Justice Stephen Breyer is retiring at the end of the Supreme Court’s 2021 term, which probably means late June or early July.
President Joe Biden has promised to replace Breyer with a black woman. It’s a pledge he made on the campaign trail, so give him credit for keeping his word — even if his methods are flawed.
To render race and gender indispensable criteria in selecting a jurist to be one of only nine ultimate interpreters of the Constitution and all the laws that stem from it is a dereliction of duty.
That’s not to say that the best candidate out there may not very well be a black woman — it’s that the odds are against it. Certainly not because black women are in any way intellectually inferior to white men, but because the pool of qualified black women is far smaller.
Beginning with the premise that it would be rare and foolhardy to choose a non-attorney to serve on the Supreme Court, consider that only 4.7 percent of American attorneys are black, and only 37.7 percent are women.
Directly applying the aggregate male-to-female ratio to black attorneys would mean only 1.77 percent of lawyers in the U.S. are black females. But let’s be generous and suggest that half of black lawyers are women. In that case, they would comprise 2.35 percent of all attorneys.
That means in choosing Breyer’s successor, Biden is excluding over 97 percent of the hiring pool from the onset. Again, no one can refute that the absolute best choice may be somewhere within that 2.35 percent — after all, although fewer than 10 percent of professional golfers are black, African-American Tiger Woods is widely considered the sport’s greatest of all time — but the odds are against it.
I am Greek-American — born in the U.S. to parents who were born in Greece. I’ve been an educator for decades. As a history and political science professor, my area of expertise is the American presidency, not, say, ancient Egypt.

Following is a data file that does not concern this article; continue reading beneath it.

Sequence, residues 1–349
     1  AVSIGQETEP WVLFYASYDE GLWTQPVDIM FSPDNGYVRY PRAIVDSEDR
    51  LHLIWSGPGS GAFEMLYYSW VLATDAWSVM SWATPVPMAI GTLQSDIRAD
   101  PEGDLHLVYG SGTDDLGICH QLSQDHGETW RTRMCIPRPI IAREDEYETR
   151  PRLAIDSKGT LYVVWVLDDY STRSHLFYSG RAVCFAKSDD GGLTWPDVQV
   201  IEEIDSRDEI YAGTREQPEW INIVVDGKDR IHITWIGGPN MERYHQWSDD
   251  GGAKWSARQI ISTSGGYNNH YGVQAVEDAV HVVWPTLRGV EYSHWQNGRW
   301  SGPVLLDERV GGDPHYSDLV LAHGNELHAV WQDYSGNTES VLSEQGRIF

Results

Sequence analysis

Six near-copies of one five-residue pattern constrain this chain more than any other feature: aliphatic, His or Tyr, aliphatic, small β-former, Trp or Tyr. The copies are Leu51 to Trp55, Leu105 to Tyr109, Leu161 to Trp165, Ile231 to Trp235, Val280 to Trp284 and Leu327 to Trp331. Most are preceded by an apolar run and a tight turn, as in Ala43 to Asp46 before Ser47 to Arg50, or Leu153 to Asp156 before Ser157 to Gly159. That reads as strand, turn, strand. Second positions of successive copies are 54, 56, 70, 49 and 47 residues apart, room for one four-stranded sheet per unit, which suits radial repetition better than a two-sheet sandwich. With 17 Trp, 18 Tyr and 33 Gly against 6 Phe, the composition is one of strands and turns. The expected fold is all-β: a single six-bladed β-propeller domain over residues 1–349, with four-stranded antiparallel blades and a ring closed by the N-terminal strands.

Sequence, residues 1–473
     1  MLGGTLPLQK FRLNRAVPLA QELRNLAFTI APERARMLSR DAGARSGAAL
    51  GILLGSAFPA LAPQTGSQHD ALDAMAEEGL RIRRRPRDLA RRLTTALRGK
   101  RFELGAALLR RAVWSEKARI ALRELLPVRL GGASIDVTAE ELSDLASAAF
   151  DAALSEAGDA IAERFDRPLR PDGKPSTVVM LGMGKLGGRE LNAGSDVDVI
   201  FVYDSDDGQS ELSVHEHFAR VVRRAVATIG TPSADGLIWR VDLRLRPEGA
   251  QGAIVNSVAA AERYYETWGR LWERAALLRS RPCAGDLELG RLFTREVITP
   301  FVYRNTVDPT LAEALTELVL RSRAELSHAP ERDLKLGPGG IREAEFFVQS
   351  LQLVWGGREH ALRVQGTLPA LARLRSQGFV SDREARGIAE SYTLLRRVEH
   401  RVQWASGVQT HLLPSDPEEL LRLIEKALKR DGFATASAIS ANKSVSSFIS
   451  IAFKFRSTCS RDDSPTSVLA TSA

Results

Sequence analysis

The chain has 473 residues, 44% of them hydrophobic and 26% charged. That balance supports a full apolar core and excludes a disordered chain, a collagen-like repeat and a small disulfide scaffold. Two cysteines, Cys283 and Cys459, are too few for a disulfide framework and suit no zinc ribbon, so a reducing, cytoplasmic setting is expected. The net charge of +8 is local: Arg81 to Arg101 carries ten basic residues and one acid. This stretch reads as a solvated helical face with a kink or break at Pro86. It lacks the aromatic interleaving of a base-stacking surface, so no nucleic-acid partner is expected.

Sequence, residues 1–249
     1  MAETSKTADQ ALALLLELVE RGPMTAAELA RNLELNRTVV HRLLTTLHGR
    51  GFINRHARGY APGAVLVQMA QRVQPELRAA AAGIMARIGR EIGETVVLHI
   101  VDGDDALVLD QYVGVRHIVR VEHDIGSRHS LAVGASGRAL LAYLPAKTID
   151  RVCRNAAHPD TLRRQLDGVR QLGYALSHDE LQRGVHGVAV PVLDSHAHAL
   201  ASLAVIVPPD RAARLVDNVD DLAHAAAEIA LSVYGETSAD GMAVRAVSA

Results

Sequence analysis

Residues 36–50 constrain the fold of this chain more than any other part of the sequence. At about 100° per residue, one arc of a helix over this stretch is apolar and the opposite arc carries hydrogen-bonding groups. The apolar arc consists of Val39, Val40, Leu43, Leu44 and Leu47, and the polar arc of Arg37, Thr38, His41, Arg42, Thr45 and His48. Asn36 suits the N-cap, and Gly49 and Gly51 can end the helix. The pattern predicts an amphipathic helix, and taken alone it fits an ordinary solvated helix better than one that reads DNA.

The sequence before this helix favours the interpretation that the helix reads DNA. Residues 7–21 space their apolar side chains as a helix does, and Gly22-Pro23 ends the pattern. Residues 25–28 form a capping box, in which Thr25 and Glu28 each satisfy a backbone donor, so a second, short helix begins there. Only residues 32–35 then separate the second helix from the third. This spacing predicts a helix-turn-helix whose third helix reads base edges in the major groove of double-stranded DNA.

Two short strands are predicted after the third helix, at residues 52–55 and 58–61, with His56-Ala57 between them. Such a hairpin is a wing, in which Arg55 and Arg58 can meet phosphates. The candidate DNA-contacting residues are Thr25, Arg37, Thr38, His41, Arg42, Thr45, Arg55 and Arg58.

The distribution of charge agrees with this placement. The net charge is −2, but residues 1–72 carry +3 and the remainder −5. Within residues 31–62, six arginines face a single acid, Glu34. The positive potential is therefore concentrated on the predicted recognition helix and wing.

Nonetheless, because I’m a trained historian with veteran teaching skills, I’m sure if a university hired me to teach about ancient Egypt, I would do an adequate job. In a large hiring pool open to everyone, I would justifiably lose out to a bona fide expert on ancient Egypt. But what if that pool were limited to Greek-Americans? In that case, my chances would skyrocket.
Adequacy, however, is not the goal. Excellence is. And if Biden’s pick turns out to be less influential to the court’s decisions than Breyer has been, that’s good news for those who favor strict constructionism and originalism.
Many if not most conservatives are not going to be happy with Biden’s choice, no matter who it is. After all, if they call Chief Justice John Roberts and Justice Brett Kavanaugh “liberal” because the likes of Tucker Carlson tell them so, they’re not about to view Biden’s selection as the next Antonin Scalia.
In fact, Breyer’s successor probably will be more of an ideological activist. Contrary to what many on the right believe, Breyer was somewhat of a pragmatist and only slightly left of center as compared to, say, Justice Sonya Sotomayor.
Another Sotomayor-type on the court might seem like a wash with Breyer leaving, but he was more influential in shaping decisions than his successor might be, which will further strengthen the voice of the court’s conservative supermajority.
Despite what many casual observers outside the legal community have been led to believe, the justices are not ideological caricatures who vote along strict party lines; they are well-qualified jurists who often possess brilliant legal minds. Accordingly, a replacement with more partisan fervor but less judicial gravitas than Breyer would be a blow to the court’s more liberal wing.
Unless Biden bucks the odds and picks the judicial version of Tiger Woods.
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